1566 Icarus

From Wikipedia, the free encyclopedia
Jump to navigation Jump to search
1566 Icarus
Discovered byWalter Baade
Discovery dateJune 27, 1949
Other names1949 MA
Longest distance from the Sun294.590 Gm (1.969 AU)
Shortest distance from the Sun27.923 Gm (0.187 AU)
How long it takes to complete an orbit408.778 d (1.12 a)
Size and other qualities
Measurements1.4 km
Mass2.9×1012 kg
Average density2 ? g/cm³
Surface gravity0.000 39 m/s²
Escape velocity0.000 74 km/s
Rotation period0.094 71 d
How much light it reflects0.4[1]
Avg. surface temp.~242 K
True brightness
("absolute magnitude")

1566 Icarus is an Apollo asteroid (a sub-class of near-Earth asteroid). At its closest approach to the Sun (perihelion) it is closer to the Sun than Mercury. In its orbit it crosses the orbits of Mercury, Venus and Mars. It is named after Icarus of Greek mythology, who flew too close to the Sun. The asteroid was found in 1949 by Walter Baade.

Icarus makes a close approach to Earth at gaps of 9, 19, or 38 years. Sometimes, it comes as close as 6.4 Gm (16 lunar distances and 4 million miles), as it did on June 14, 1968. The last close approach was in 1996, at 15.1 Gm, about 40 times as far as the Moon. [2] The most recent close approach was on June 16, 2015, 8.1 Gm (5 million miles).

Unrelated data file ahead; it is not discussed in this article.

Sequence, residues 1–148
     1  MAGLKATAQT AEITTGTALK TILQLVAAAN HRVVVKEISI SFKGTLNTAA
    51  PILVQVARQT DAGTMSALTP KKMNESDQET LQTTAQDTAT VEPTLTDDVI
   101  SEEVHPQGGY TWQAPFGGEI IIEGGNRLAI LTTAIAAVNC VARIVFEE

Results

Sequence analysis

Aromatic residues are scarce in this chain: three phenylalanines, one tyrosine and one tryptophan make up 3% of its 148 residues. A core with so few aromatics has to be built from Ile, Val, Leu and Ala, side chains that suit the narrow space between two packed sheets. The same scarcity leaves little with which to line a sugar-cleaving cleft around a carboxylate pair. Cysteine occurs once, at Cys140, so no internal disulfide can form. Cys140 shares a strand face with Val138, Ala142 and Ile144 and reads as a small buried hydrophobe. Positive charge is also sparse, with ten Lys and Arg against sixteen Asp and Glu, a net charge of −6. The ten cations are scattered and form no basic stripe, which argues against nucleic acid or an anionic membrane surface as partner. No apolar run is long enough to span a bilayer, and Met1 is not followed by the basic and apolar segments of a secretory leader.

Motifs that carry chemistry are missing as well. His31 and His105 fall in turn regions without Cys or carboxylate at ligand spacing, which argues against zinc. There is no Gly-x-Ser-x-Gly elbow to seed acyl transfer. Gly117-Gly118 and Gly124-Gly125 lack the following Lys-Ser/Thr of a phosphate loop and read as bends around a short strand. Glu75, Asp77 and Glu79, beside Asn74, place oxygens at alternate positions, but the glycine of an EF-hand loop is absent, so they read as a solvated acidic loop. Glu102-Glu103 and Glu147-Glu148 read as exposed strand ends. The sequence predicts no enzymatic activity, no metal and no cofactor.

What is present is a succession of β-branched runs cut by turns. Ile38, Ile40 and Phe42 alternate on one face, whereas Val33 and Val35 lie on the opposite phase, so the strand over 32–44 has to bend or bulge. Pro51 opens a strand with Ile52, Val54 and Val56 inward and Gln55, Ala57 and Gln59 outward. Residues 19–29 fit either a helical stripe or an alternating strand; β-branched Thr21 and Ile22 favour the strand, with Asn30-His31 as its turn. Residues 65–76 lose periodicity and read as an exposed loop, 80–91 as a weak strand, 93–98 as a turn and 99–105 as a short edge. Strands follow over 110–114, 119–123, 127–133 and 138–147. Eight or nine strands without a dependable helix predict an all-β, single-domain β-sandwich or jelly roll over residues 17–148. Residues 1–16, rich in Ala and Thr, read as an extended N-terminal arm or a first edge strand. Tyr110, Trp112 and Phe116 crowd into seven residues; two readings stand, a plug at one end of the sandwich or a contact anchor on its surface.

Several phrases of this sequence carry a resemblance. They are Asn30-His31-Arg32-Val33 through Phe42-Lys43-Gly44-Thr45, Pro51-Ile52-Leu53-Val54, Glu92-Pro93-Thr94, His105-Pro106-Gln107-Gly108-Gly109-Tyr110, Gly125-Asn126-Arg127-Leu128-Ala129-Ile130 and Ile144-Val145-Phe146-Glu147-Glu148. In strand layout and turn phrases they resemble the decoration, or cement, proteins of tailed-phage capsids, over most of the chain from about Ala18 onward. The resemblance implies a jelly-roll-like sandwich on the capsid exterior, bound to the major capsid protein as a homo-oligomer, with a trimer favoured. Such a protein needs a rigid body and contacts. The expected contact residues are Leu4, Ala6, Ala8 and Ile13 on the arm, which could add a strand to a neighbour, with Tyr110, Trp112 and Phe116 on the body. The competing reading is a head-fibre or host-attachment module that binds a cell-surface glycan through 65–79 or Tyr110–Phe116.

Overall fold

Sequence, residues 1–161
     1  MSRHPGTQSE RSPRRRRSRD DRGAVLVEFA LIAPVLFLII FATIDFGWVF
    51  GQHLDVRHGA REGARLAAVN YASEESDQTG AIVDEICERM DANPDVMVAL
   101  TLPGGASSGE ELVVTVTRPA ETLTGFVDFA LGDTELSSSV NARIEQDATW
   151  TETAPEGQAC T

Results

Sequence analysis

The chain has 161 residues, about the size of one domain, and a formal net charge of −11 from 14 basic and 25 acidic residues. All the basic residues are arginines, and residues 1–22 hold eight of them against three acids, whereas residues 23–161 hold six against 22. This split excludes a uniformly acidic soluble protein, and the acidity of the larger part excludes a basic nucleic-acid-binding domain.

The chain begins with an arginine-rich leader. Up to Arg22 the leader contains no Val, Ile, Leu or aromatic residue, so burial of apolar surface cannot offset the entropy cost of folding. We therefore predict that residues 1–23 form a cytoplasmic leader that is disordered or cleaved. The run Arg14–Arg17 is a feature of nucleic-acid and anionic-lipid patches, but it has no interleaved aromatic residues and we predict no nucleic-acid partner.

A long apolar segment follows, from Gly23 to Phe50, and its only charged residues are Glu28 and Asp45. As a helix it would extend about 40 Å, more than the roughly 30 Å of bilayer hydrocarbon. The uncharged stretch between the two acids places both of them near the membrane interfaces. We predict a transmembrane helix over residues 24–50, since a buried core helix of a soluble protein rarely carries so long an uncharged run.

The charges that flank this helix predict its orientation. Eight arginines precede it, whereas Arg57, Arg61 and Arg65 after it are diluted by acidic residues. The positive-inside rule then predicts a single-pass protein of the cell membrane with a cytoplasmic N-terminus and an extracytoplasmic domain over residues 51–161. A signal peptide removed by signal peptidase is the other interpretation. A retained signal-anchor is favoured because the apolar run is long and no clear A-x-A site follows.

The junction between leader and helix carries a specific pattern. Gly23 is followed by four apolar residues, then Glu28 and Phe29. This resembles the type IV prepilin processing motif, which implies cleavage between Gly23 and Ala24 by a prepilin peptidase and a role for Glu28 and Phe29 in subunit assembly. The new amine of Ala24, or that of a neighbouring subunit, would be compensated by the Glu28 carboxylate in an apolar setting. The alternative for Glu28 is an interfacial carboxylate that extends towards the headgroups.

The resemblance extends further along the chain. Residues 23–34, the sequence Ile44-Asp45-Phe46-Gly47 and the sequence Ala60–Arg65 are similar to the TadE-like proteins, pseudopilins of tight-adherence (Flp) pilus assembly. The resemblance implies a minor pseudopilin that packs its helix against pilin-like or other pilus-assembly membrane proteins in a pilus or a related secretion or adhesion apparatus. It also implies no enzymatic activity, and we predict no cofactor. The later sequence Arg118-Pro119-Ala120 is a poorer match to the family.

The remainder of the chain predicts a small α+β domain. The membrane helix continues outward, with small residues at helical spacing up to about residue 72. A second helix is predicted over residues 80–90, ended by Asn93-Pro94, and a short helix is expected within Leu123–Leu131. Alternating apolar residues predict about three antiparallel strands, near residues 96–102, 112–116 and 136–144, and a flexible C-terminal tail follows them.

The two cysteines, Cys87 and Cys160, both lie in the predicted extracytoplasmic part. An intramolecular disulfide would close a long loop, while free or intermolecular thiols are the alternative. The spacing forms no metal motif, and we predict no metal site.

In 1967, Paul Sandorff of the Massachusetts Institute of Technology gave his students the task of making a plan to destroy Icarus, if it was going to hit the Earth. This plan is known as Project Icarus[3] (which was the basis for the 1979 science fiction film Meteor, starring Sean Connery).

References[change | change source]

  1. Radiometry of near-earth asteroids
  2. Page Modified
  3. Project Icarus, MIT Report No. 13, MIT Press 1968, edited by Louis A. Kleiman. "Interdepartmental Student Project in Systems Engineering at the Massachusetts Institute of Technology, Spring Term, 1967".

Other websites[change | change source]